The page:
Retail inflation in India increased to 7.41% in September from 7% the previous month, according to official statistics released on Wednesday, October 12, 2022.

Prices of everyday commodities such as cereals and vegetables, which make up the largest component in the inflation basket, have risen over the last two years as a result of irregular rainfall and supply shocks from Russia’s invasion of Ukraine.

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Already reeling from the economic effects of the COVID-19 pandemic, India’s poor and middle classes would be affected much harder by the price rises, as they spend a major portion of their income on food.

To combat inflation, the government has implemented price-control measures, including certain limits on rice exports. However, consumer prices have remained rebellious this year, remaining over the RBI’s upper tolerance range.

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The Reserve Bank of India (RBI) has failed to achieve its price mandate, with the latest Consumer Price Index (CPI) inflation for September confirming a third consecutive quarter in which average inflation has remained over the 2%-6% tolerance level.

Crude prices are the most significant contributors to the rise in inflation, as India imports roughly 80% of its oil. Therefore, elevated crude oil prices result in a rise in the cost of other goods due to an increase in raw material, production, and transportation cost.

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The fuel and light segment eased to 10.39% in September from 10.78% in August as crude prices remained below $100 per barrel in the international market.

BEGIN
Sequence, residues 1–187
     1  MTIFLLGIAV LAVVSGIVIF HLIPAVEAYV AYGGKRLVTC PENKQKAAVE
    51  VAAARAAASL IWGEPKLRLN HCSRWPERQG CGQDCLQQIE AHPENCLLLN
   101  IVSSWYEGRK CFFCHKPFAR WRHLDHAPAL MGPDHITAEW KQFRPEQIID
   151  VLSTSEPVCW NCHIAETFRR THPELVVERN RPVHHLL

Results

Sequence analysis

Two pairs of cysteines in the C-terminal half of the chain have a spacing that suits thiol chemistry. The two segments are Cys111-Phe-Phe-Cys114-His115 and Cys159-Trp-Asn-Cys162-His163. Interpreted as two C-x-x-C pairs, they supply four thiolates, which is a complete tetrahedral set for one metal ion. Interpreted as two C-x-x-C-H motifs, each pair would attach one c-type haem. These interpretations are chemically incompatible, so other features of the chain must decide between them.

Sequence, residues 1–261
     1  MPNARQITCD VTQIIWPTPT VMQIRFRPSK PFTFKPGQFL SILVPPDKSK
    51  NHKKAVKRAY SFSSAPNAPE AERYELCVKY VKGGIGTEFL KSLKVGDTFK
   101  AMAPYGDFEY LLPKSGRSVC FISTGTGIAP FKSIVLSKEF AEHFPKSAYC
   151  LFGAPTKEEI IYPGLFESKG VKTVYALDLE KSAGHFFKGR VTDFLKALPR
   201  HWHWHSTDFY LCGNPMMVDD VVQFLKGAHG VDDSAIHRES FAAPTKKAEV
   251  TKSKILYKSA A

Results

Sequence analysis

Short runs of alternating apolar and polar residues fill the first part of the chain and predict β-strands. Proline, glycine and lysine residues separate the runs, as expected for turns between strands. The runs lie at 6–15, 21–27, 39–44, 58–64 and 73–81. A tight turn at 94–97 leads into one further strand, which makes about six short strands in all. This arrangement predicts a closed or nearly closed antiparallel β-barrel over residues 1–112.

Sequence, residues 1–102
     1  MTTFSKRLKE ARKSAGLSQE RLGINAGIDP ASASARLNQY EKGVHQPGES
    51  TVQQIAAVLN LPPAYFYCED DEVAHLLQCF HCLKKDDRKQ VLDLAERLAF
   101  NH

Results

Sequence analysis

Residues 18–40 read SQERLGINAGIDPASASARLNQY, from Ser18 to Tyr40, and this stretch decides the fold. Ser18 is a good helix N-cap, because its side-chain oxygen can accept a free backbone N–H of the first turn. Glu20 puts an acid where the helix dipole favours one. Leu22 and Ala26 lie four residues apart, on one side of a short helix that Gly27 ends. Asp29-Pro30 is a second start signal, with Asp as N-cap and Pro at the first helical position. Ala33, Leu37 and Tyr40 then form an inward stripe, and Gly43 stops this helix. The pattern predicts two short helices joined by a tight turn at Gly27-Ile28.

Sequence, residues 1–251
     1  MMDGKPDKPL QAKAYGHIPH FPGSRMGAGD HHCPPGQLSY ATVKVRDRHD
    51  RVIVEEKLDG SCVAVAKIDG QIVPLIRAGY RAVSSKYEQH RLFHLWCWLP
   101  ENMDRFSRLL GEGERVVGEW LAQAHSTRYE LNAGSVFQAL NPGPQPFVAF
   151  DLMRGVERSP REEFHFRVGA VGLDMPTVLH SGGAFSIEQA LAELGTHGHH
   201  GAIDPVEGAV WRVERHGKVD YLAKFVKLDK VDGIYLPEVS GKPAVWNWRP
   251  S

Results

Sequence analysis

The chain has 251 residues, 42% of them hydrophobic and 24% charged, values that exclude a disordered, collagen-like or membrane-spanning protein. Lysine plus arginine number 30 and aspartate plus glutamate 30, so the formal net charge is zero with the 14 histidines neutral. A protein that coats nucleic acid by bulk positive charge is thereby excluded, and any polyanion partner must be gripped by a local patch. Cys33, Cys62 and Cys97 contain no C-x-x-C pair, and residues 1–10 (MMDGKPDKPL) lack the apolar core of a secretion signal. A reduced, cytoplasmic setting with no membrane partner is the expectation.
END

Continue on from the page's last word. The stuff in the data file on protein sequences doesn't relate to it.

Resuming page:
Food costs are critical and play a significant part in determining CPI inflation. Food inflation, which accounts for over 40% of the CPI basket, increased 8.60% year on year in September, compared to 7.62% in August.

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About half of India’s arable land is fed by rain, making the monsoon essential for the country’s agricultural production and economic growth. The irregular rainfall this year disappointed farmers and caused food prices to rise.

While presenting the RBI’s monetary policy on September 30, Governor Shaktikanta Das stated that India faces upside risks to food prices, emphasising that cereal price pressure is spreading from wheat to rice in expectation of reduced Kharif paddy output.

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“The lower sowing for Kharif pulses could also cause some pressures. The delayed withdrawal of monsoon and intense rain spells in various regions have already started to impact vegetable prices, especially tomatoes. These risks to food inflation could have an adverse impact on inflation expectations,” the RBI governor had noted.

The Monetary Policy Committee (MPC) raised the repo rate by 50 basis points (bps) to 5.90% on September 30. To combat soaring inflation, the MPC has hiked the benchmark interest rate by 190 basis points so far this fiscal year. Nonetheless, despite their action, retail inflation remains over the upper tolerance level.